The practice of washing up and brushing teeth is also an important part of Indian culture, with ancient texts like the Vedas (dating back to 1500 BCE) mentioning the use of neem twigs as toothbrushes and herbal pastes for oral hygiene.
Yes, Indians have been brushing their teeth for thousands of years!Indian customs
The Ayurvedic system of medicine, which originated in India thousands of years ago, also emphasizes the importance of oral hygiene and cleanliness for overall health and well-being.
Overall, the practice of eating with hands and the emphasis on cleanliness and hygiene in India are deeply rooted in the country’s culture and traditions, with a history that goes back thousands of years.
Are there other cultures where they eat with their hands?
Yes, of course. Check out this video on how to eat Ethiopian food:
People traditionally eat with their hands in Asia, the middle east, Africa and South America.
Try it, but check out the techniques above for a master level proficiency.
Why is it common to use utensils?
Let us look at how these evolved over time:
- Early humans: The earliest humans ate with their hands, as did most cultures around the world until relatively recently. This was because utensils were not necessary for eating most foods, and because they could be difficult to make and clean.
- Ancient Greece and Rome: The Greeks and Romans were the first cultures to develop a wide variety of utensils, including spoons, forks, and knives. These utensils were made of metal and were often quite ornate. They were used for both eating and for ceremonial purposes.
- Middle Ages: In the Middle Ages, the use of utensils declined in Europe. This was due in part to the fact that metal was scarce, people ate with their hands, or with pieces of bread or other food.
- Renaissance: The Renaissance saw a revival in the use of utensils in Europe. This was due in part to the rediscovery of classical Greek and Roman culture, and in part to the fact that metal became more plentiful. Utensils were now seen as a sign of wealth and status, and they became increasingly popular among the upper classes.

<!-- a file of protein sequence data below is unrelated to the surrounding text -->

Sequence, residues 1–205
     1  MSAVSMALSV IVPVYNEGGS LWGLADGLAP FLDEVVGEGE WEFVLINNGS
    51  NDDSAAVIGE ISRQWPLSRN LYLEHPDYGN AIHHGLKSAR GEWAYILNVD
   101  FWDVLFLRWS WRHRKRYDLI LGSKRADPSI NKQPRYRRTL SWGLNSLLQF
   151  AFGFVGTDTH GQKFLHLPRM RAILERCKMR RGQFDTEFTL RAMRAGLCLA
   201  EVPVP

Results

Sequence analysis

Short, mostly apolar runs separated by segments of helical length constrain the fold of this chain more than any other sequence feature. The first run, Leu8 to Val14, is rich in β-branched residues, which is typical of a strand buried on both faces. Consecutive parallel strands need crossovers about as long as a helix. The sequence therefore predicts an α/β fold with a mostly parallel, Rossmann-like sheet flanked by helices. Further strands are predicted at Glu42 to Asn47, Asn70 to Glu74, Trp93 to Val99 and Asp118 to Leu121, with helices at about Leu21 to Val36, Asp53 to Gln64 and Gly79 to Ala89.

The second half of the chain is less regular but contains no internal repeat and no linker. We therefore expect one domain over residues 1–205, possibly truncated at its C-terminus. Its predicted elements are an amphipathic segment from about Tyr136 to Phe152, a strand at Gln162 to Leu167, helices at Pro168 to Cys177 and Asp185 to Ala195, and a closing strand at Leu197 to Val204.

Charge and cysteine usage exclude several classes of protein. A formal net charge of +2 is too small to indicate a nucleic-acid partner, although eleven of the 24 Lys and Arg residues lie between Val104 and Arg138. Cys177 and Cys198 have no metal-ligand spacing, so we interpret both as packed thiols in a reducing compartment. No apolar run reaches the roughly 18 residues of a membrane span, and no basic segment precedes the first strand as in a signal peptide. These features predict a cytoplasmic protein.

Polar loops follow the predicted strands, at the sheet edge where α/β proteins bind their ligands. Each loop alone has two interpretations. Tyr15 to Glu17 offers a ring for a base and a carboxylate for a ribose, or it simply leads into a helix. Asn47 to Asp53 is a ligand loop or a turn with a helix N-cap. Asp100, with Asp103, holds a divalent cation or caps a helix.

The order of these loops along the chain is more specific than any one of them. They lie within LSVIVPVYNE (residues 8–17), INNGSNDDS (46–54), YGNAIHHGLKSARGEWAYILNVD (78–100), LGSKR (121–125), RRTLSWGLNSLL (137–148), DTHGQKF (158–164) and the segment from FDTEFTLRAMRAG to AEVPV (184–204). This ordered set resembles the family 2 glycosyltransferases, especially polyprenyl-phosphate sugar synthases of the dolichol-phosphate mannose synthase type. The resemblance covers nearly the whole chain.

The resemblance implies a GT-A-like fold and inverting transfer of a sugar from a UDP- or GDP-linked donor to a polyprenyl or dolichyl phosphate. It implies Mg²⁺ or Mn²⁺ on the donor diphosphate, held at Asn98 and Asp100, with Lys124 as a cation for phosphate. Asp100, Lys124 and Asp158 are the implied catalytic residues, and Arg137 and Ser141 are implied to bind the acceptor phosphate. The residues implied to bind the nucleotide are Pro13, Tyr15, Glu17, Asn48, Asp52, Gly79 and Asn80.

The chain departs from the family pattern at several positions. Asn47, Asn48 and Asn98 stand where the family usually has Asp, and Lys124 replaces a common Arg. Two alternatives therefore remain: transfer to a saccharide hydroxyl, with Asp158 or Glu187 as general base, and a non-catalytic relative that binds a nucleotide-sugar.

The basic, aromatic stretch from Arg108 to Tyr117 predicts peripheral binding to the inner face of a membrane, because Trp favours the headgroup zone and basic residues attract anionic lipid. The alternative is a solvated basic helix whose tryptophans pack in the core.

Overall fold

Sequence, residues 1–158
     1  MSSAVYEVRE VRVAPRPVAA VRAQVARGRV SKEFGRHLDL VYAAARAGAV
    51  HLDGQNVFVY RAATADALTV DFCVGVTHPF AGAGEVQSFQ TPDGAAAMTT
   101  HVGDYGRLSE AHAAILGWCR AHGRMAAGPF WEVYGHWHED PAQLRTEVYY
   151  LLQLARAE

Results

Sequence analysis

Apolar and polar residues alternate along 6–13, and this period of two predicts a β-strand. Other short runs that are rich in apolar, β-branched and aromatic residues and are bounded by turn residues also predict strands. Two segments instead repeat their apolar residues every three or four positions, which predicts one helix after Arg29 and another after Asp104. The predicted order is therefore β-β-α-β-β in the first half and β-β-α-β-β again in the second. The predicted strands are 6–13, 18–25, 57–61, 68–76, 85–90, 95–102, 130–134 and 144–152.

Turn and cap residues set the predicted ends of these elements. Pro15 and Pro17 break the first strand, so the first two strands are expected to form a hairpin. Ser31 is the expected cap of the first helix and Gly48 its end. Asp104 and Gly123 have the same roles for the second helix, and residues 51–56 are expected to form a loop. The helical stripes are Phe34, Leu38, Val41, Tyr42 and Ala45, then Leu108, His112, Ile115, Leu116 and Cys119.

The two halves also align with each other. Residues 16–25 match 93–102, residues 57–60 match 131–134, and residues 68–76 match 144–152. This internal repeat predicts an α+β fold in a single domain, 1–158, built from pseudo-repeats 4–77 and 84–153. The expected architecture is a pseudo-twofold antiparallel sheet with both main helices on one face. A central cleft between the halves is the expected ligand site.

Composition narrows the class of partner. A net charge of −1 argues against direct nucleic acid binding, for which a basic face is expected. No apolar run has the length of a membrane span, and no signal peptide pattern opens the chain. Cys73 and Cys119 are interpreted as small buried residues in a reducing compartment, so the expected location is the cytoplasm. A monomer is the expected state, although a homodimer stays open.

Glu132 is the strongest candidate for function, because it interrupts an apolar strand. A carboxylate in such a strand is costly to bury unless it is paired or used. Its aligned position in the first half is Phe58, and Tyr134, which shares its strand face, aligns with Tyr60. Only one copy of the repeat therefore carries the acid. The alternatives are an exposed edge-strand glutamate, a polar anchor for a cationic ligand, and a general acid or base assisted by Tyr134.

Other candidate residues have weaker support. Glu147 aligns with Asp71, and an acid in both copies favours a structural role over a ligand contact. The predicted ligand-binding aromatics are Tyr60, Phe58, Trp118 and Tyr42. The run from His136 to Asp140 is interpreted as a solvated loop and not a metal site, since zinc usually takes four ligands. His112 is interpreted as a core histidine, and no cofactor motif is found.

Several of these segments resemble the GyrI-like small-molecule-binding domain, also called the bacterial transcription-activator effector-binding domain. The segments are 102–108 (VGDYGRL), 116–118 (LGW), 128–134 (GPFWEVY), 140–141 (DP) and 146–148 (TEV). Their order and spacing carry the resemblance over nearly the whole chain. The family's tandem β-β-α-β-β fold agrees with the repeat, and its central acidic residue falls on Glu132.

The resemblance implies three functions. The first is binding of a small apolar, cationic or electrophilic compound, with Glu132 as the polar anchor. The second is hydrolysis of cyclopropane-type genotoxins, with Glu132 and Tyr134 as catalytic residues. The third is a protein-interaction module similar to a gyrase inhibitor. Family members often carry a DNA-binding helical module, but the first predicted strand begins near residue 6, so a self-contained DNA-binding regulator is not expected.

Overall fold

Is it customary to eat with hands? Is that hygienic?
The tradition of eating with hands in India is not necessarily connected to the idea of being cleaner, but rather a way of being more in touch with the food and the act of eating.
And yes, it IS hygienic.
In ancient India, the knowledge of disease transmission and the importance of cleanliness was well-documented in texts like Ayurveda. Ayurveda, a traditional system of medicine, emphasized the significance of hygiene in maintaining good health. This system recognized that disease could be caused by germs and pathogens, and it advocated for measures to prevent their spread.
One of the fundamental practices Ayurveda prescribed was the regular washing of hands and maintaining overall cleanliness. People were encouraged to wash their hands with water and, in some cases, special herbal concoctions to minimize the risk of infection. Additionally, rituals of purification before meals helped ensure that individuals were free from potential contaminants while handling food.
On the other hand, in other civilizations, the understanding of disease transmission was comparatively limited in ancient times. The concept of germs and their role in spreading illnesses was not widely known until the pioneering work of scientists like Louis Pasteur and Robert Koch in the 19th century. Before that, the prevailing theories often revolved around supernatural causes or imbalances in bodily humors.